I mean, I believe it. I’m thankful for it. And I celebrate the incarnation with great joy!

But when I sit down to truly explain it to myself – how the transcendent God could become human or how God could have two natures at the same time – the thoughts in my head get jumbled up like that knotted necklace I found at the bottom of my purse.

But here’s the thing. The incarnation gives us evidence of many things. And some of those things actually are easily understood.

[custom_list style=”list-2″]

  • The incarnation proves to us that God is good. It speaks to who God is.
  • The incarnation proves to us that God is the Creator. It speaks to what God does.

[/custom_list]

Haven’t you ever wondered why the Father sent the Son as the agent of salvation? Perhaps he could have sent his Spirit? Or could the Father could have come himself instead of sending the Son?

Why was it the Son who entered the world as an infant on that dark night in Bethlehem?

Colossians 1 gives us two reasons why that infant was the Son and no other.

1. The Son was selected as the agent of salvation for a very important reason: Christ is the agent of Creation!

Col. 1:16-17 says: For by Him all things were created that are in heaven and that are on earth, visible and invisible, whether thrones or dominions or principalities or powers. All things were created through Him and for Him. And He is before all things, and in Him all things consist.”

The Son is the Agent of Creation. John calls him the Word or logos – a Greek word meaning the ‘spoken’ word (John 1:1). So, when God spoke creation into existence in Gen. 1, he did so through the Son who is the spoken, life-giving Word of God.

Basically in Col. 1, Paul is saying that Christ – as the spoken Word of God – is responsible for the act of creation.

So, what does the role of Creator have to do with the incarnation? Athanansius, the 4th century bishop of Alexandra gives us a clue.

In his powerful little book, On the Incarnation, the five-time exile writes: “Who, save the Word of God himself, who also in the beginning made all things out of nothing? His part it was, and His alone, both to bring again the corruption to incorruption and to maintain for the Father His consistency of character with all. For He alone, being Word of the Father and above all, was in consequence was able to recreate all, and worthy to suffer on behalf of all and be an ambassador for all with the Father.”[1] (emphasis mine)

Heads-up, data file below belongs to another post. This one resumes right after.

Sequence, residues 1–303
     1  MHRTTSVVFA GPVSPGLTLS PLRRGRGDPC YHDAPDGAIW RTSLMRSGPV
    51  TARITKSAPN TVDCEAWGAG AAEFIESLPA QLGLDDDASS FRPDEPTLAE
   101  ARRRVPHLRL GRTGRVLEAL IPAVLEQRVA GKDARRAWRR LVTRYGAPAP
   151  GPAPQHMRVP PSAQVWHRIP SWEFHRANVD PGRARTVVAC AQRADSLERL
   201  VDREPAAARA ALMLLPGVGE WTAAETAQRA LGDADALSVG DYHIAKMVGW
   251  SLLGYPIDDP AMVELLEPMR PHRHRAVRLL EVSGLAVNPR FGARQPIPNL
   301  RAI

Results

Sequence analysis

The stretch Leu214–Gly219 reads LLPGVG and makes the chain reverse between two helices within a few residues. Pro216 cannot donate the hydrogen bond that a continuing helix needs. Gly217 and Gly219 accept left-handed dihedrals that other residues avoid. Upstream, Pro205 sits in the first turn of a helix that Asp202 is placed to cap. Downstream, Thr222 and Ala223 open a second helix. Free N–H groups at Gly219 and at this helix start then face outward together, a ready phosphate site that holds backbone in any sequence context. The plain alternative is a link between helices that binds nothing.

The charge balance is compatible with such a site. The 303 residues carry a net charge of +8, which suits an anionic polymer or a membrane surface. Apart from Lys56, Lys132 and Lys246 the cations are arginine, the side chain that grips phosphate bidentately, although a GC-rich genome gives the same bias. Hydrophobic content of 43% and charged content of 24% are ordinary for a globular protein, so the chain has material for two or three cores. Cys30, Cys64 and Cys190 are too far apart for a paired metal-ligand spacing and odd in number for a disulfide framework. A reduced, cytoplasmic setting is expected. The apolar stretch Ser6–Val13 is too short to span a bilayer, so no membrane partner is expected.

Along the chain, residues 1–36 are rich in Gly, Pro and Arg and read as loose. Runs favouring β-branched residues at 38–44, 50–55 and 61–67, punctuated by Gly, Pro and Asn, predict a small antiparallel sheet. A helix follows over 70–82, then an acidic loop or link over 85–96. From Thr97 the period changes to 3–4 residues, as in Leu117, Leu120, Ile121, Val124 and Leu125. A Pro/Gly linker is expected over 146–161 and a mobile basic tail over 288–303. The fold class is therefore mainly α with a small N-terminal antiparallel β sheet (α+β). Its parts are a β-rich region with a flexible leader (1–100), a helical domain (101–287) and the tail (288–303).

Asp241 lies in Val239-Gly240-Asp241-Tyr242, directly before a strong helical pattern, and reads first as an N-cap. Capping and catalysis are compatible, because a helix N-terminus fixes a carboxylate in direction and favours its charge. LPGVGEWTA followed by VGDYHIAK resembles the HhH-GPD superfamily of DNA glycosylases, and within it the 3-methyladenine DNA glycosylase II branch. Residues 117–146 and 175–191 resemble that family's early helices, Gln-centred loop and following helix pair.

It is the role of the spoken, Living Word of God to produce life through creation. Because it was he who produced life in us the first time, it is only fitting that he should bear the task of becoming human so that we might be re-created in Him.

That leads us to the second point in Colossians.

2. The Son was selected as the agent of salvation for another important reason: Christ is the agent our Re-creation!

Listen to Col. 1:19-20: For it pleased the Father that in Him all the fullness should dwell, and by Him to reconcile all things to Himself, by Him, whether things on earth or things in heaven, having made peace through the blood of His cross.”

The Word taking on flesh had to occur in order for us to be re-created into the image of Christ!  Our re-creation occurs only because the Word took on flesh and died to conquer evil for us. He reconciles us – and all creation – to the Father.